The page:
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How to Design A Kid’s Room: Space-Saving Storage and Clutter Control

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Susana Simonpietri, the creative director of Chango & Co., an interior design firm in Brooklyn, often electrifies social media by posting photos of children’s rooms. With their eye-catching colors, unexpected patterns and playful elements, it’s hard not to love the spaces she creates.

“I enjoy designing them so much, because I feel like every time we do a kids’ room is an opportunity for me to be a child again,” said Ms. Simonpietri, 44. “We spend just as much time on kids’ rooms as we do any other room in a house.”

But children come with a lot of stuff — and they aren’t always inclined to pick up after themselves. That means having a good storage plan is even more important than hanging beautiful wallpaper.

Her advice? “You have to embrace what they have, but give them tools to manage it.”

Here’s how she did that for her 4-year-old daughter, Lola.

You probably don’t want to be confronted with all of your child’s toys, books and art supplies when you walk into the room. But here’s a secret: If you limit the number of things you can see, the toys or books on display can serve the same function as decorative elements.

That’s why Ms. Simonpietri uses both open and closed storage.

When her firm is designing a storage wall, she said, “usually we put a changing table or a dresser in the middle, and add shelving on either side.”

In Lola’s room, the dresser — which is from Oeuf, and used to have a changing station on top — provides the closed storage. White metal wall-mounted bookshelves from CB2 on either side of the dresser create space to store things in the open.

For speedy cleanup at the end of the day, Ms. Simonpietri likes to use baskets. Toys and art supplies can be easily tossed inside them and concealed.

“Baskets are perfect for gathering all those shapeless and crazy things,” she said.

But they should be used only on lower shelves, so children can see inside them and take things out without the risk of spilling everything on the floor.

“We keep them low, specifically so that the child can use those baskets to put things away after they’re done playing,” Ms. Simonpietri said.

Larger baskets with lids can provide additional storage space on the floor, if necessary. In Lola’s room, she uses one as a laundry hamper.

The covers and spines of children’s books are fun to look at, but to give them a sense of order, Ms. Simonpietri likes to arrange them by height, in descending order. A book end is helpful to keep them from tipping over during boisterous play.

Just as with baskets, she said, books should be stored only on lower shelves where they’re readily available to children. As children get older, books that are no longer age-appropriate should be cycled out to make room for more big-kid titles without losing storage space.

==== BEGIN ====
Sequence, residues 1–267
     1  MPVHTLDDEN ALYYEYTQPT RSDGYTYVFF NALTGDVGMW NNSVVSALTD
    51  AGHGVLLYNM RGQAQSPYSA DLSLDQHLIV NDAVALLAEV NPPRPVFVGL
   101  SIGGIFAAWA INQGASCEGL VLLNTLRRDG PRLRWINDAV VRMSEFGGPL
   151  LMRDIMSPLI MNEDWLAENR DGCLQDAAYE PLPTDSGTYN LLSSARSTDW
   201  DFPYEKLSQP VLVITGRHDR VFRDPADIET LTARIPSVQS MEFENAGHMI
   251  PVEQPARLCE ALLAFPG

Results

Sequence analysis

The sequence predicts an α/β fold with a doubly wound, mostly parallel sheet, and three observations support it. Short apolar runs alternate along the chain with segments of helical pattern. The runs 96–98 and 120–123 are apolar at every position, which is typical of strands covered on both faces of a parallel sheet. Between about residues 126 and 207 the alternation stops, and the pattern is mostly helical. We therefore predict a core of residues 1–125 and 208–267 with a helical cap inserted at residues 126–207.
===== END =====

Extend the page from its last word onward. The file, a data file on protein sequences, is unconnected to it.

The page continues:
Drawers are great for hiding things out of sight. But subdividing them allows you to store more items — and keep them organized.

Ms. Simonpietri uses small-scale bins for this purpose, reconfiguring them every few years to address changing needs.

“In the beginning, those were used for sheets, diapers, et cetera,” she said of Lola’s drawers. “But now she uses them for pajamas, socks and accessories that she wants to put on, like headbands and sunglasses.”

The top of the dresser is a great place to add more specific organization tools: a jewelry box or stand, maybe, or a display case for collectibles. In Lola’s room, Ms. Simonpietri added a headband stand with ends shaped like unicorns, her daughter’s favorite creature.

As children go through life, they tend to amass more things. That includes mementos that mark important moments: trophies, photos, certificates. These items won’t be handled on a daily basis, so they should be put on higher shelves.

In Lola’s room, Ms. Simonpietri has a small silver box where her daughter can collect her baby teeth when they eventually fall out. It sits near a ceramic figure of a ballerina that was a topper for a birthday cake.

By allocating spaces for keepsakes in advance, she said, you help prevent them from becoming clutter on counters, tabletops and the floor later.

Some toys are admired more than they’re played with — assembled Lego sets, for example, or giant stuffed animals — which makes them great decorative accessories.

“Display areas are for items that are very pretty and we want to look at, but that don’t get played with as often,” Ms. Simonpietri said.

In Lola’s room, she placed a large cardboard unicorn mask and big stuffed animals on higher shelves. She also displayed a stuffed unicorn and crescent moon in a hanging bubble chair.

But she didn’t do it alone — every element was planned with Lola’s consent.

“You can make it play,” she said of the organizing process, by asking your child how they want to store their things. “Then they’ll work really hard to maintain it.”

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